Agomelatine (brand names Valdoxan, Melitor, Thymanax) is an atypical antidepressant developed by the pharmaceutical company Servier. It is marketed for the treatment of major depressive disorder, primarily for its relatively favorable side effect profile: it avoids the weight gain, sexual dysfunction, and severe withdrawal associated with the most commonly used classes of antidepressants (SSRIs, SNRIs, tricyclics), while providing similar therapeutic benefit. Due to its distinctive mechanism of action, agomelatine is also studied for its effects on sleep regulation.
mianserin (78684-63-6, 24219-97-4)  
Mianserin Hydrochloride  ·  Org GB 94  ·  Tolvon
Mianserin, sold under the brand name Tolvon among others, is an atypical antidepressant which is used in the treatment of depression in Europe and elsewhere in the world. It is a tetracyclic antidepressant (TeCA). Mianserin is closely related to mirtazapine, both chemically and in terms of its actions and effects, although there are significant differences between the two drugs.
TETRABENAZINE (58-46-8)  
Nitoman  ·  Orphan Brand of Tetrabenazine  ·  Tetrabenazine Orphan Brand
Tetrabenazine is a drug for the symptomatic treatment of hyperkinetic movement disorders. It is marketed under the trade names Nitoman in Canada and Xenazine in New Zealand, some parts of Europe and in the United States as an orphan drug. On August 15, 2008, the U.S.
amisulpride (71675-85-9, 53583-79-2)  
Solian  ·  sultopride  ·  DAN 2163
Amisulpride, sold under the brand name Solian among others, is an antipsychotic medication used to treat schizophrenia. In Italy, at a lower dosage of 50 mg per day, it is also used as a treatment for dysthymia. It is usually classed with the newer generation of antipsychotics, the so called atypical antipsychotics.
INDORAMIN (26844-12-2)  
Wy 21901  ·  Wy-21901  ·  Wy21901
Indoramin (trade names Baratol and Doralese) is a piperidine antiadrenergic agent. It is an alpha-1 selective adrenoceptor antagonist with direct myocardial depression action; therefore, it results in no reflex tachycardia. It is also used in benign prostatic hyperplasia (BPH).
Dexpramipexole (104632-28-2)  
Dexpramipexole (KNS-760704) is a drug that was investigated by Knopp Biosciences and Biogen Idec for the treatment of amyotrophic lateral sclerosis (ALS), also known as Lou Gehrig’s disease. The drug failed to show efficacy in terms of function or survival in a Phase III study of patients with ALS. More recently, dexpramipexole was shown in a Phase 2 open-label trial to reduce eosinophil counts and eliminate the need for corticosteroid treatment in a subset of patients with steroid-responsive hypereosinophilic syndrome.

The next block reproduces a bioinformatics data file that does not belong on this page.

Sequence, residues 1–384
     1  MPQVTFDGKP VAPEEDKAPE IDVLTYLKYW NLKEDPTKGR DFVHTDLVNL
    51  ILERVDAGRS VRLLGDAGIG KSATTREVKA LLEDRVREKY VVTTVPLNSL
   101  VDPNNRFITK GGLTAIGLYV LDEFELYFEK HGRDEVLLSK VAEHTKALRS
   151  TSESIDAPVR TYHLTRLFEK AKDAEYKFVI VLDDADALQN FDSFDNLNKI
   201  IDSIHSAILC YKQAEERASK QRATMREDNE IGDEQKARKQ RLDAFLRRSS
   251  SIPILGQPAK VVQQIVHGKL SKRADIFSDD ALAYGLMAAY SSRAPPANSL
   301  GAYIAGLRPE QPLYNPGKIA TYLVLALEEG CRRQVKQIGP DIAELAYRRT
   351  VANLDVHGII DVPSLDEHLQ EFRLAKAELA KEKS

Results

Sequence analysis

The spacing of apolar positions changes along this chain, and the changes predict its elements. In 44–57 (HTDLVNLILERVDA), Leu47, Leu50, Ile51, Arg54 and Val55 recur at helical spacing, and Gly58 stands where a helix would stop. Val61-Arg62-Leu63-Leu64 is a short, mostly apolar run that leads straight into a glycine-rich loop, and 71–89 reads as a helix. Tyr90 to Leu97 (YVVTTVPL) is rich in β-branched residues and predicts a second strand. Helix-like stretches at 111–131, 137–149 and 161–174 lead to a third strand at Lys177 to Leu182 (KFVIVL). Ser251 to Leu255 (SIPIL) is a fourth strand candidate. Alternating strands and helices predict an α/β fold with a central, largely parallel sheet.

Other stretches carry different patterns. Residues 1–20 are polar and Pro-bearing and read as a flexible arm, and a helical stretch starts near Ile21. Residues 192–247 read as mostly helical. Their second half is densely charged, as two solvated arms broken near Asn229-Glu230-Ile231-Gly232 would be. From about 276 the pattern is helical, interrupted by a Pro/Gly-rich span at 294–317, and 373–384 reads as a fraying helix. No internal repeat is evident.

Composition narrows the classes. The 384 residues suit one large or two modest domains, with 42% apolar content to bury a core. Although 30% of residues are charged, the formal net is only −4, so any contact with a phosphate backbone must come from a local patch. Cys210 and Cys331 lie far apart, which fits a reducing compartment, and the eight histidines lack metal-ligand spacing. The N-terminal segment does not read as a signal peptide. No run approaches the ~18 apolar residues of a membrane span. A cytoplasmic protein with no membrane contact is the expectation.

Milnacipran (92623-85-3, 96847-55-1)  
Milnacipran (trade names Ixel, Savella, Dalcipran, Toledomin) is a serotonin–norepinephrine reuptake inhibitor (SNRI) used in the clinical treatment of fibromyalgia. It is not approved for the clinical treatment of major depressive disorder in the USA, but it is in other countries.
Brofaromine (63638-91-5)  
Brofaromine (proposed brand name Consonar) is a reversible inhibitor of monoamine oxidase A (RIMA) discovered by Ciba-Geigy. The compound was primarily researched in the treatment of depression and anxiety but its development was dropped before it was brought to market. Brofaromine also acts as a serotonin reuptake inhibitor, and its dual pharmacologic effects offered promise in the treatment of a wide spectrum of depressed patients while producing less severe anticholinergic side effects in comparison with older standard drugs like the tricyclic antidepressants.
citalopram hydrobromide (59729-32-7)  
Citalopram (brand names: Celexa, Cipramil and others) is an antidepressant drug of the selective serotonin reuptake inhibitor (SSRI) class. It has U.S. Food and Drug Administration approval to treat major depression, which it received in 1998, and is prescribed off-label for other conditions.
Esmirtazapine (61337-87-9)  
mirtazapine  ·  Remeron  ·  Rexer
Esmirtazapine (ORG-50,081) is a drug which was under development by Organon for the treatment of insomnia and vasomotor symptoms (e.g., hot flashes) associated with menopause. Esmirtazapine is the (S)-(+)-enantiomer of mirtazapine and possesses similar overall pharmacology, including inverse agonist actions at H1 and 5-HT2 receptors and antagonist actions at α2-adrenergic receptors. As of March 2010, Merck terminated internal clinical development program for esmirtazapine, for hot flashes and insomnia, for strategic reasons.
ritanserin (87051-43-2)  
Ritanserin (INN, USAN, BAN) is a serotonin receptor antagonist which was never marketed for clinical use but has been used in scientific research.
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Mu-opioid agonists